Memphis-Shelby County grabbed the gold for its sustainability efforts, as the Tennessee Valley Authority's (TVA) economic development program recently designated the area a Valley Sustainable GOLD Community for 2014. The Memphis-Shelby County Office of Sustainability
and Greater Memphis Chamber
recently completed the program.
"This takes Memphis-Shelby County's economic development marketing efforts to prospective and existing sustainability-focused companies to a whole new level," says Kelvin Kolheim, Greater Memphis Chamber Director of Economic Development.
The area's accomplishments towards sustainability include developing the Sustainability Shelby Plan
and the recently finalized Mid-South Regional Greenprint
, along with an increase in number of greenways and bike lanes, and the reduction of energy use in government buildings.
Only 13 communities from across the U.S. were recognized as Valley Sustainable Communities in 2013, and an additional 12 communities sought recognition this year.
Now in its second year, the Valley Sustainable Communities Program was started by TVA Economic Development as part of its community preparedness offerings to assist communities in evaluating existing sustainability programs, cataloging sustainable assets and increasing future commitments to sustainability.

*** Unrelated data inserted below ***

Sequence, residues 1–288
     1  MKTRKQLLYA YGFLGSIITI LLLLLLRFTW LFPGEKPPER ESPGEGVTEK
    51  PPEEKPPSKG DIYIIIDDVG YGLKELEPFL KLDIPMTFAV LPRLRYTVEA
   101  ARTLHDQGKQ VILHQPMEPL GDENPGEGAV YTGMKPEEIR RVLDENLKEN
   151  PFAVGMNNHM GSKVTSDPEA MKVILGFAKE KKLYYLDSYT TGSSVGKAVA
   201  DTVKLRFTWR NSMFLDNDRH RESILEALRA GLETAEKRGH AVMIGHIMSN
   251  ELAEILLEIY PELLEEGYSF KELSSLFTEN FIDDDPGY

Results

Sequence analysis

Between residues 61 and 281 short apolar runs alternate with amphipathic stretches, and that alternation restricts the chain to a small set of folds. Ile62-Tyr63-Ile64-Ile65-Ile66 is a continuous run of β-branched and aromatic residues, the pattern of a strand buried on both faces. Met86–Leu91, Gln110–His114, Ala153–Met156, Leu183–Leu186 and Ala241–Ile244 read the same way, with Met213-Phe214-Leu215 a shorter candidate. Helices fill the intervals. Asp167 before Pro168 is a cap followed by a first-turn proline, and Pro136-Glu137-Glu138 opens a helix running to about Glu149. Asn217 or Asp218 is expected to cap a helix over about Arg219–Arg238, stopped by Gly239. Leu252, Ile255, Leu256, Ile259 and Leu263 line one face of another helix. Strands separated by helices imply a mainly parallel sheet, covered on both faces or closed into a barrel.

The goal of the program is to document a community's assets and increase the likelihood that they will be viewed as progressive and competitive by companies looking to invest in new or expanding existing locations.
Sustainability has become a hot issue for economic development organizations and communities. More than 90 percent of surveyed corporate real estate executives indicated that sustainability is a consideration in company location decisions. The typical reasons for this corporate commitment are reduced operating costs for increased profitability and greater employee satisfaction.
John Zeanah, Administrator with the Memphis-Shelby County Office of Sustainability, expects to see more local demand for walkable neighborhoods, vibrant public spaces, access to fresh foods, energy efficient buildings and streets that serve alternative transportation, such as cycling, walking and first-class public transit.